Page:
Mapping of the Barley and Bread Wheat Genomes

Together with international partners, a team of the Department of Plant Genome and Systems Biology has created ordered sequence resources of the highly complex genomes of barley and bread wheat. Both crops are of enormous importance.

In the framework of the International Barley Sequencing Consortium, scientists at the Helmholtz Zentrum München have made a major contribution to deciphering and analyzing the barley genome and to develop new approaches for molecular breeding.

The research of the International Barley Sequencing Consortium, which along with other partners, includes scientists led by Klaus Mayer at the Department of Plant Genome and Systems Biology, provides a detailed view into the barley genome. For the first time a high-resolution genome overview was created for a genome that by far exceeds the size of the human genome. In addition, the team was able to gain insight into gene regulation and make comparisons between wild barley and cultivated strains. Thus, an in-depth molecular understanding of the inventory of cereal genomes and a first glimpse into molecular circuits was obtained. The findings are seen as an important basis to accelerate the breeding of barley varieties that e.g. show improved resistance or are better adapted to climate change. At the same time, the barley genome served the researchers as model for the more complex bread wheat genome. Here the team headed by Klaus Mayer, together with British scientists from the Universities of Bristol und Liverpool and the John Innes Centre carried out and published a first genome analysis. Along with rice and corn, wheat is the most important cereal crop. The bread wheat genome is hexaploid (contains six copies) and contains approximately 96 000 genes. Due to its size and complexity, it has not yet been fully sequenced. The now published genome gene atlas is an important step towards understanding the interplay of the different genome copies of this cereal and to enable molecular breeding even for wheat.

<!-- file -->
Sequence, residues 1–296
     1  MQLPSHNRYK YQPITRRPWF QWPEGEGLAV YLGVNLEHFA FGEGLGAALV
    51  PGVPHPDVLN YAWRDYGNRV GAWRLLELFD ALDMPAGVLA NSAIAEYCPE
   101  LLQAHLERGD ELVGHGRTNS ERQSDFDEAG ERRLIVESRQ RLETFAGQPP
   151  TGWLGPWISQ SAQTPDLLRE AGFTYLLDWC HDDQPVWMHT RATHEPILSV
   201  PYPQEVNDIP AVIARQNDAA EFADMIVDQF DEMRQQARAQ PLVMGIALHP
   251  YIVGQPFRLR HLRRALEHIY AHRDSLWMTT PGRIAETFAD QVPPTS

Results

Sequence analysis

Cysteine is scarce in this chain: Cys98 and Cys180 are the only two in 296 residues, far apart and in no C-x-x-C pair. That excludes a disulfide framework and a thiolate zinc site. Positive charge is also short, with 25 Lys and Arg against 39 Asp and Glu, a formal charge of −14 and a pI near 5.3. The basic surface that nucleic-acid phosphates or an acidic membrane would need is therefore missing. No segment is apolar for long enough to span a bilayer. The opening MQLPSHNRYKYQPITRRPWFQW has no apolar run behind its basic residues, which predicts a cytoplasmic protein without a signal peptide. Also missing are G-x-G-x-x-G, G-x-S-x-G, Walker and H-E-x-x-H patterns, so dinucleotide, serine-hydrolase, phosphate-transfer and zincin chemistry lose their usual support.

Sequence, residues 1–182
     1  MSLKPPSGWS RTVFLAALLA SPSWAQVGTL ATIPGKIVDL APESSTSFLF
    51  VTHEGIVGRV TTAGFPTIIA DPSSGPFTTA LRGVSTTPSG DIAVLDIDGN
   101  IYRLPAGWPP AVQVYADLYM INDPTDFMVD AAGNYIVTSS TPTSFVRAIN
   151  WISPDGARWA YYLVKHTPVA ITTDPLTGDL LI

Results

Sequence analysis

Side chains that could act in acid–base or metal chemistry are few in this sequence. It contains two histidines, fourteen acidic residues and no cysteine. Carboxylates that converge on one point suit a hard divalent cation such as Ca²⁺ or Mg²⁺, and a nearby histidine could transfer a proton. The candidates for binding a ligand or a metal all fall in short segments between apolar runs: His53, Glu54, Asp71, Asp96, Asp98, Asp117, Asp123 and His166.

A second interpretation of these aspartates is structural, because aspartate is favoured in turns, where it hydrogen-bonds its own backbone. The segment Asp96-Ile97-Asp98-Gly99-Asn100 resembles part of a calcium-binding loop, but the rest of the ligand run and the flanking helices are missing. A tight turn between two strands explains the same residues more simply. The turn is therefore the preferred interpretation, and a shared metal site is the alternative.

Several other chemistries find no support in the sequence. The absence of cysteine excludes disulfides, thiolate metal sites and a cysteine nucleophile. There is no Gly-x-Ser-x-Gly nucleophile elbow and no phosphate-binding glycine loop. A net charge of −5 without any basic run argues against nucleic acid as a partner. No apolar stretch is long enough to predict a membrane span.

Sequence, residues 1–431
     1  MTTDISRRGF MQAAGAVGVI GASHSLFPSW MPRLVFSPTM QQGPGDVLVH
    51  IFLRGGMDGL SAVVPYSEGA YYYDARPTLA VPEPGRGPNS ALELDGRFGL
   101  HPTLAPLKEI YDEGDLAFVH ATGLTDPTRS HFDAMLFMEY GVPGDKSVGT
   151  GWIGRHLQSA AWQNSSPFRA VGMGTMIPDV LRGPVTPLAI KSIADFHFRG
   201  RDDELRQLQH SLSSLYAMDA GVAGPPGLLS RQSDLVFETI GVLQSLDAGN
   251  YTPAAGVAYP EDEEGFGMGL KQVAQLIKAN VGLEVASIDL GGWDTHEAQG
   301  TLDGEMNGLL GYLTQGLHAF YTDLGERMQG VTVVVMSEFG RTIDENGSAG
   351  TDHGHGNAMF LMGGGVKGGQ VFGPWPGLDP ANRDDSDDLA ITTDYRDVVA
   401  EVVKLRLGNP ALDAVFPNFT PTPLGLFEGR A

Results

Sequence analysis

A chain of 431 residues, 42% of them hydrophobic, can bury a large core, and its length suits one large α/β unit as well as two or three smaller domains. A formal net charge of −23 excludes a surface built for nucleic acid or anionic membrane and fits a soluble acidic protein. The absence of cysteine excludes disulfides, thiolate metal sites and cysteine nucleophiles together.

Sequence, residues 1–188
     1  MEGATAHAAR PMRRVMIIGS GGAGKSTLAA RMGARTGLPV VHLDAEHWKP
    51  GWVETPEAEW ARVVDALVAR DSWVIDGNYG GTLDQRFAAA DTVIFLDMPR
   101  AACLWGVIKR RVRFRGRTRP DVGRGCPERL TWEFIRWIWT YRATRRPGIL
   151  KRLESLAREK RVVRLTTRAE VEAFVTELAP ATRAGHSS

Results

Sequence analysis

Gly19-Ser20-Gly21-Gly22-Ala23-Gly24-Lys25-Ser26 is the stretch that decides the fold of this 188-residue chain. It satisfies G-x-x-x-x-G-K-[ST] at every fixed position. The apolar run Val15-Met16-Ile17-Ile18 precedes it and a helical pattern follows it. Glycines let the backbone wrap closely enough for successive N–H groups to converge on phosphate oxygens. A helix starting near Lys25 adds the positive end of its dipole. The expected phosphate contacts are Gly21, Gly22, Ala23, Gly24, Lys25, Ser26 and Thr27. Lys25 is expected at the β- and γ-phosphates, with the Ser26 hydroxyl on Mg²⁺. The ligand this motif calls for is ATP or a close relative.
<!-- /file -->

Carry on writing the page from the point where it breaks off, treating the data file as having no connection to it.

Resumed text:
Barley is one of the earliest domesticated and most important cereal crops. The barley genome is diploid, contains slightly more than 26 000 genes and includes 5.1 billion base pairs (5.1 Gb). The bread wheat genome, with 17 billion base pairs (17 Gb), is not only much larger but also contains considerably more genes – approximately 96 000. A wheat cell is hexaploid and has six copies of its chromosomes.